plantation system remained un a state to formalize symbols of
changed, white status and continued dominant
THE MYTH OF INDEPENDENCE ion of a European and white ruling
Today. in spite of our "inde- class; and a strong central govern
pendence" real power is still in the ment which denies popular partic
hands of foreign white people who pation in decision-making.
The values of national leaders
own our basic resources. The social The valu of national eaders
structure isstill white on top, brown since 1938 have remained essentially
in the middle and black at the the same as those of the imperial
administrators they replaced. Thei,


THE POT BOILS BECAUSE WE LIVE LIKE THIS!




IIFF RE3S



DIAR Y


philosophy for development in
Jamaica relies on creating the right
environment" to attract foreign
investment This reflects an absence


History again provides us with
some clues For a brlet priod
during the -cond od orld War the
Jamaican economy began to undergo
a change in character We launrhen
a massive drive towards the product
ion of food and to a lesser extent,
tie production of raw materials aso
nufactured goods because fore'ig
suoples were limited This provided
a stimulus for the production and
use of local materials and 1;o,
because machinery was scrce f',r
the adoption of sultabhe laSiur
intensive processes
So the war forced the -ln
economic institutions to make ec.-f
move away from their tfrditional
iole of keeping the system adiustie
to outside influences Irpcrt and
export controls helped to cut oti
the economy from the outs de
world. The system of rationing .,
also introduced And althoiigt I


-W
r'iM~iL I


. '; e' /


THE FO~ETPST FOR 31JMICA-.NO CHANGE t.h T
SYSTEM _CORdiNUING OPPRRESIOF1l TOCETWER
WulTi HIGH UfEMPrLOyP '- PA EW FWi0ttf OF
iRRELEVANCE IS PWROP0Ql elf6


In a country hospital I know onr
thermometer serves two thirty bed
wards. You have to be tactful and
quick to pick uJp the thermometer
first. Sometimes you have ten or
twelve dressings and two forceps.
In several parish hospitals because
they are ill-staffed the nurse admits
takes details about the patient, dia-
gooses and gives treatment The pat-
ient's life is in danger because of
our limited training. In the parish
hospitals the nurse has to go far
beyond her training.
I would recommend the following
improvements in the Nursing Service
An improved salary scale for nurses
That younger nurses be considered
for early promotion. That nurses be
placed in their choice field of nurse
ing That student nurses be encour-
aged to love their school and not to
carry a bitter dislike for it Last
of all that administrative staff do
regular training courses abroad.
I'm not in a hurry to return I'll
stay abroad as long as I can tolerate
the cold weather. If I return to
Jamaica it will definitely not be to
work in a Government ward but in
private nursing.


WHITE

VIOLENCE
"It is very difficult for many
liberal intellectuals to understand
that violence is not always accom-
panied by the boom of guns and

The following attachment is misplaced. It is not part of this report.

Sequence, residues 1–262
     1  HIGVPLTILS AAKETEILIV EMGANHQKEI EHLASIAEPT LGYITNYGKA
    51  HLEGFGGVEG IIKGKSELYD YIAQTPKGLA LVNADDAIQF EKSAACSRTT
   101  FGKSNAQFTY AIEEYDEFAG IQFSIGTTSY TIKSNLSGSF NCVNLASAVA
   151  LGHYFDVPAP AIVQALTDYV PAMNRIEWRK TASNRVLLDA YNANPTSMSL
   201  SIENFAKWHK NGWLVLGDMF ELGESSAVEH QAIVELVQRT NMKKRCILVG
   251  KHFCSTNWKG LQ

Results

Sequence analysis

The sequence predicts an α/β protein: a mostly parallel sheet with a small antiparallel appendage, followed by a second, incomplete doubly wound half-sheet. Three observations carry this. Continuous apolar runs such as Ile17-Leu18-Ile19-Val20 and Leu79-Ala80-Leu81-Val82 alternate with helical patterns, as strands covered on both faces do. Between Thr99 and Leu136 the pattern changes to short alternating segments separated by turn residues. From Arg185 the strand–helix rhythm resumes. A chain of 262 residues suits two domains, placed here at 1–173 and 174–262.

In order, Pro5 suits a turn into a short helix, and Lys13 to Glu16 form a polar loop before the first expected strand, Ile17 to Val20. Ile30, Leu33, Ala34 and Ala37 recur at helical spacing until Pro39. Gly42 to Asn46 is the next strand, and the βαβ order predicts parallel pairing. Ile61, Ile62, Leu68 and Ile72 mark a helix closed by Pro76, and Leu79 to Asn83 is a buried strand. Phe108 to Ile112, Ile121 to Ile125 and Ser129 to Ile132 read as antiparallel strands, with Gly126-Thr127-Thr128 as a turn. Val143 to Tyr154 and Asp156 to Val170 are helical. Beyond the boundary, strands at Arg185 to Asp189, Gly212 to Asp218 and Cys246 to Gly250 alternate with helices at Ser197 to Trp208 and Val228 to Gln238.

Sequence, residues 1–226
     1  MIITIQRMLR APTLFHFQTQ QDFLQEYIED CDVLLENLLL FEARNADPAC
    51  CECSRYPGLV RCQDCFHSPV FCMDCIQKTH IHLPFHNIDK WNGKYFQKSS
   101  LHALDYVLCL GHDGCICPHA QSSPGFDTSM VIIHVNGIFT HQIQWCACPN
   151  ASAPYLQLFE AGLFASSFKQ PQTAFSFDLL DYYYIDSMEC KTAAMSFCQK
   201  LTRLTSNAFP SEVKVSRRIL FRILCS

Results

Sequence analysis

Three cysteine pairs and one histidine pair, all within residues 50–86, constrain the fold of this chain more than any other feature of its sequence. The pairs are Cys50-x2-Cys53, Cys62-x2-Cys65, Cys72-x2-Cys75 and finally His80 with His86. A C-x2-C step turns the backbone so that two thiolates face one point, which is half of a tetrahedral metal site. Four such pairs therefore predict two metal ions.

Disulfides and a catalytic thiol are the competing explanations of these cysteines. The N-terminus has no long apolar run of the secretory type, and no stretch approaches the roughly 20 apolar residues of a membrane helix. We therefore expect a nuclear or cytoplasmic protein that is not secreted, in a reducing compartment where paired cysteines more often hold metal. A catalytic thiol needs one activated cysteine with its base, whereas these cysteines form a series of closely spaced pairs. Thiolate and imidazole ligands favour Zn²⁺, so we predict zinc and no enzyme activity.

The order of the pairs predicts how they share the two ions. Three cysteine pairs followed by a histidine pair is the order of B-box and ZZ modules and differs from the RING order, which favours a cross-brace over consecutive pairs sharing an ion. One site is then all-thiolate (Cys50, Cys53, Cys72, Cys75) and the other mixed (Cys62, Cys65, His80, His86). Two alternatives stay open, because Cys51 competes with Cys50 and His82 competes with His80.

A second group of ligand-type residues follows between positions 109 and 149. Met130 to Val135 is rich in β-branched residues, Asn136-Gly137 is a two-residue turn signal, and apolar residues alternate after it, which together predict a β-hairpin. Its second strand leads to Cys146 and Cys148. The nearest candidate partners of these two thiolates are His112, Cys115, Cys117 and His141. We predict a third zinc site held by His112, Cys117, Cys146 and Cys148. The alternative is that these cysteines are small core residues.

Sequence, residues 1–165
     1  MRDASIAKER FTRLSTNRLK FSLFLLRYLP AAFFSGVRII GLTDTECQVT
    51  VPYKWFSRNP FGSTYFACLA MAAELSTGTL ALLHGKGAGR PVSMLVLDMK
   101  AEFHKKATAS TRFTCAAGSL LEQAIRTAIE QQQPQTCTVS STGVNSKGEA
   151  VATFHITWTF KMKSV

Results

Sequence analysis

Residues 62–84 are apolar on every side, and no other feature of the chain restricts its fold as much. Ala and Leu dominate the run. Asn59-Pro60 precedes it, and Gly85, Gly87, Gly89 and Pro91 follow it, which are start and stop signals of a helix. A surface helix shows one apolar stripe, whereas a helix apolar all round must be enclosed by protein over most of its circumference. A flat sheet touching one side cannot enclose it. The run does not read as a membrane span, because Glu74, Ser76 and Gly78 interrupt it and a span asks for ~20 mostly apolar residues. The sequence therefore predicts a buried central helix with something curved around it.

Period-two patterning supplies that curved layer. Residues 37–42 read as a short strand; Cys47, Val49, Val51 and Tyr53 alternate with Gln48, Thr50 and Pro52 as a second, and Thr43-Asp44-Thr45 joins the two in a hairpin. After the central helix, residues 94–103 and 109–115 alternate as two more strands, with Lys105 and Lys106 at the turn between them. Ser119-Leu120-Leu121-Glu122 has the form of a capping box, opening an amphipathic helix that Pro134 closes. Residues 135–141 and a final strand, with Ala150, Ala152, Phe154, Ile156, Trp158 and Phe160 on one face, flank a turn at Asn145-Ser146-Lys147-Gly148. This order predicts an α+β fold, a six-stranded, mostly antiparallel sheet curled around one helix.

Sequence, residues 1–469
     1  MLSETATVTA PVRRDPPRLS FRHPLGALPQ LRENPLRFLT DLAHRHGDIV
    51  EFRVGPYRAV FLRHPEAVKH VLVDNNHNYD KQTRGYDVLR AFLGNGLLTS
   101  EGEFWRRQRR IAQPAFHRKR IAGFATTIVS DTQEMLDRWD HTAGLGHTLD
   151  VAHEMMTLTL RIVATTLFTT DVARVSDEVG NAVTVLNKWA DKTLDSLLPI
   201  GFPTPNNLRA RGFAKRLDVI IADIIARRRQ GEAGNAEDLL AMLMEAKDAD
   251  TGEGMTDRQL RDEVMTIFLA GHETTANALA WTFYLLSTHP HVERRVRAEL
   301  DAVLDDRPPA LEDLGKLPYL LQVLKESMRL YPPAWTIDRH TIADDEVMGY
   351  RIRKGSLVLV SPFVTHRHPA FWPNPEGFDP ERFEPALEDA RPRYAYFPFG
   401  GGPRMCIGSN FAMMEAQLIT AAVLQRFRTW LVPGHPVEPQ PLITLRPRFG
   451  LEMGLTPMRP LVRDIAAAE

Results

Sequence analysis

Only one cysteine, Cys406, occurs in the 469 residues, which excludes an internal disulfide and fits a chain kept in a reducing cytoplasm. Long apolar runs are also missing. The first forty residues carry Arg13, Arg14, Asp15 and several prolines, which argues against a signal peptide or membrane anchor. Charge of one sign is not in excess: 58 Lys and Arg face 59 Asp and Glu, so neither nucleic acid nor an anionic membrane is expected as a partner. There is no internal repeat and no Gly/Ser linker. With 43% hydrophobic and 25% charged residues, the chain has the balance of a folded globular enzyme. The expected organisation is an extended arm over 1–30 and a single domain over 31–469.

the clatter of bayonets When a
little African boy is compelled to
die of starvation in a world where
there is abundance, I call that vio
lence When an old black man in
Harlem is made by his fellow men
to live all his days sharing dinghy
tenements with rats, I call that vio-
lence When I see that Africa is the
richest continent in the world and
Africans are the poorest people on
the sae planet, I call that violence
...And whe I see that the leather
of my English landlord's shoe
could be from my home, the mat-
erial of his clothes mine, the stick
of his rolled umbrella mine, the
gold of his wife's iewellary mine
the copper of his cigarttecae and
the tobacco in it too mine, when
that even the manganese of his
industry and the oil that runs the
machines are all from my home,
while my own mother a woman
who, judging by the standards of
her faraway English dependent.
should be living like a queen
- is living on the hunger-line, I call
that violence.
OBI EGBUNA
young Nigerian Novelist


functioned imperfectly. it represen-
one of the few mechanisms knoisn
to have been introduced into the
Jamaican economy which, by is
character, could not discriminate by,
class. As such, it was one of the fev
blows for equality in the economic
sphere ever to be introduced by the
administration. Thus, during the war
the economy was sub acted to
controls which to some extent
promoted both equality and
independence
THE POT BOILS AGAIN
Devices such as those used
during the last war and the estab
lishment of appropriate local
Government authorities are needed
to lay the foundations for the
reconstruction ahead The instabiitry
of our social order has already led
to at least two major social explo-
sions The first-the so called Morant
Bay "Rebellion" of 1865-was an
expression of discontent by the
peasants against the planters who
were trying to force them to remain
a source of cheap labour on the
sugar plantations. The second-the
"riots" of 1938-was an expression
of discontent by the dispossesed
working class A third maar explo-
sion is imminent: it will be an
expression largely of the unehi
ployed.
The signs of unrest and
ferment of the 1930's are again
clear. The pot of discontent is
boiling. The brim has been reached.
If a new social Ofer is not cstraed.